Chinese conglomerate HNA Group, the parent company of China’s biggest private commercial airline, said it is on course to fulfill its plan to help 1,000 cataract patients with eye surgery in Cambodia.
The company has targeted helping cataract sufferers and last year launched the Cambodian program, aiming to treat the 1,000 patients between 2016 and 2018.
The company said that since September its staff members have visited Cambodia three times, to date offering free treatment to 371 cataract patients.
Hao Yansheng, a renowned ophthalmologist at Peking University Third Hospital, was invited to operate in Cambodia. A group of doctors, nurses and staff were responsible for the work of early screening and postoperative reviews.
HNA, along with some international public welfare organizations, plans to continue to expand the program to Africa, to help more cataract patients there in the coming years. The group will also support local hospitals with their equipment and with sustainable improvements to ophthalmology there.
So far, the program has helped more than 6,500 impoverished cataract patients worldwide with eye surgery, and the company has invested more than 10 billion yuan ($1.45 billion) in various corporate social responsibility programs.
HNA launched the program in 2004, to help cataract patients who live in inland China, including Qinghai and Sichuan provinces and the Inner Mongolia and Xinjiang autonomous regions.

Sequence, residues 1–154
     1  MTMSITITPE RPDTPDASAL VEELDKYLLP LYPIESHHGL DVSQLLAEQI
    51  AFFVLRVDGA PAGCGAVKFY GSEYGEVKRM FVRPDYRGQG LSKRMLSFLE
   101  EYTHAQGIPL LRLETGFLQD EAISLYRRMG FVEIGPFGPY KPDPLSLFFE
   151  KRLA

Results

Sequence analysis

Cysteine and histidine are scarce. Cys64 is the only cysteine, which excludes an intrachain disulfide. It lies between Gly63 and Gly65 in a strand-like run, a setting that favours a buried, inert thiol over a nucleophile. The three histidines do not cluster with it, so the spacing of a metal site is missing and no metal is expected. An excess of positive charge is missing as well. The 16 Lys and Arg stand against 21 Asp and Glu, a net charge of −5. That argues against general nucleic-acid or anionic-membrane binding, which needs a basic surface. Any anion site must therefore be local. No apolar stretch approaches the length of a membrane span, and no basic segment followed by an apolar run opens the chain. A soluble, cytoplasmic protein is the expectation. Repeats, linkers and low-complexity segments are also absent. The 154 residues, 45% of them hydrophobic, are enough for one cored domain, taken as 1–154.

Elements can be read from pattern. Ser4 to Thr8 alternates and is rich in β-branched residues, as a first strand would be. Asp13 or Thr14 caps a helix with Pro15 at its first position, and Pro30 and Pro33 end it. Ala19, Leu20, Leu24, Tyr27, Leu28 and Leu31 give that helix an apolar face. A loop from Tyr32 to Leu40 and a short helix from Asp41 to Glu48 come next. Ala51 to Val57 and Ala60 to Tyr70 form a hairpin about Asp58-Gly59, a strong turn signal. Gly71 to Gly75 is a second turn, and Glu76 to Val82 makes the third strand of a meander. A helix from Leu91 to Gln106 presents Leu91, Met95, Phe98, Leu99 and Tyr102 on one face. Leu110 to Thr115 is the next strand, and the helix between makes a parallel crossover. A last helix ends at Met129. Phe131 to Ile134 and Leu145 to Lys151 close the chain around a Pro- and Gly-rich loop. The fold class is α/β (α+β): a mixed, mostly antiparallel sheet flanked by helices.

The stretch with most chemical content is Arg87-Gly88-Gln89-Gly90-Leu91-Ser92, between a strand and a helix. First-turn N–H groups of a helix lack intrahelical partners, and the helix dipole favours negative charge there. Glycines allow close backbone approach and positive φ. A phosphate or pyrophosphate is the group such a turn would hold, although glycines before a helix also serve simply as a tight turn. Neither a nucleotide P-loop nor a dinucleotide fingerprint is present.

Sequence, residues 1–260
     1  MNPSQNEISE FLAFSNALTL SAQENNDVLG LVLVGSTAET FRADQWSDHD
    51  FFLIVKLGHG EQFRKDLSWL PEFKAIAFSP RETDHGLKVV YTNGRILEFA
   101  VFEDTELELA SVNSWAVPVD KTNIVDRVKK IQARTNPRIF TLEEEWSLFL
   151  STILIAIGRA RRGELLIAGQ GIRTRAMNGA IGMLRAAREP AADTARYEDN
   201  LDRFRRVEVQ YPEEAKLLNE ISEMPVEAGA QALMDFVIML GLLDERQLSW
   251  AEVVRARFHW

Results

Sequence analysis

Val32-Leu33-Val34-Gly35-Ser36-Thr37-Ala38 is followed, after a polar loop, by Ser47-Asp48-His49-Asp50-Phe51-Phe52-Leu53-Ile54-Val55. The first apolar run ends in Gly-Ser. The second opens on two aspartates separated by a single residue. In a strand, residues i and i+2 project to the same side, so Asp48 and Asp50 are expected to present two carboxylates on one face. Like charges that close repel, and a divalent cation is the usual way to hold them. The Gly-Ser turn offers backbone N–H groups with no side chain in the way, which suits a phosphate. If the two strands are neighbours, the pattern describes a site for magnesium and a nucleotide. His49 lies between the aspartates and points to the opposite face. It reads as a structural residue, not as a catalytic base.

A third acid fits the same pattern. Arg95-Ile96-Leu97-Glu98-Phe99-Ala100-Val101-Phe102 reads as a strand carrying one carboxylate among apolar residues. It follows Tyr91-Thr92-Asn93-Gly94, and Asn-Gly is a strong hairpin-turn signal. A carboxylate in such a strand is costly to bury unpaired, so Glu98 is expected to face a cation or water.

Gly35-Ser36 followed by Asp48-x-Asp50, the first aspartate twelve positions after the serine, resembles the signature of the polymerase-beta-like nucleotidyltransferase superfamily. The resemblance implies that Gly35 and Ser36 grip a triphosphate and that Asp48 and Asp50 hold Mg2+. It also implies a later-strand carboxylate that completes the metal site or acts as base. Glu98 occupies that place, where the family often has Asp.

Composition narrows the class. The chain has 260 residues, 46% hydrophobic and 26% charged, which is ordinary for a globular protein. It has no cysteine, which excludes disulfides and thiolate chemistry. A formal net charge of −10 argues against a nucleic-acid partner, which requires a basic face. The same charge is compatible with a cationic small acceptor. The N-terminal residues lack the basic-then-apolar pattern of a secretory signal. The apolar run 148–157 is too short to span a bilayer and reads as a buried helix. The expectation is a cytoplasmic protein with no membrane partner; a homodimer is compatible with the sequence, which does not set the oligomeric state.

In 2010, the group expanded the program to African countries, such as Zimbabwe, Malawi and Mozambique.
In Zimbabwe, cataracts are a widespread affliction. The World Health Organization has estimated that there are 125,000 people with blindness in Zimbabwe, of whom 62,000 became blind as a result of cataracts.
Zimbabwe has been estimated to have an annual cataract surgery backlog of 60,000 people, and there are only about 20 ophthalmologists in the country.
Within a week of arriving in 2011, the Chinese team completed eye surgery on 514 cataract patients, who later recovered their sight.
Zimbabwe’s president said he was grateful for China’s help and said China not only relieved hundreds of people from blindness, but also helped bring advanced technologies and equipment to Zimbabwe.
This, he said, was critical to improving local standards for eye surgery and would help the country with long-term prevention of the disease.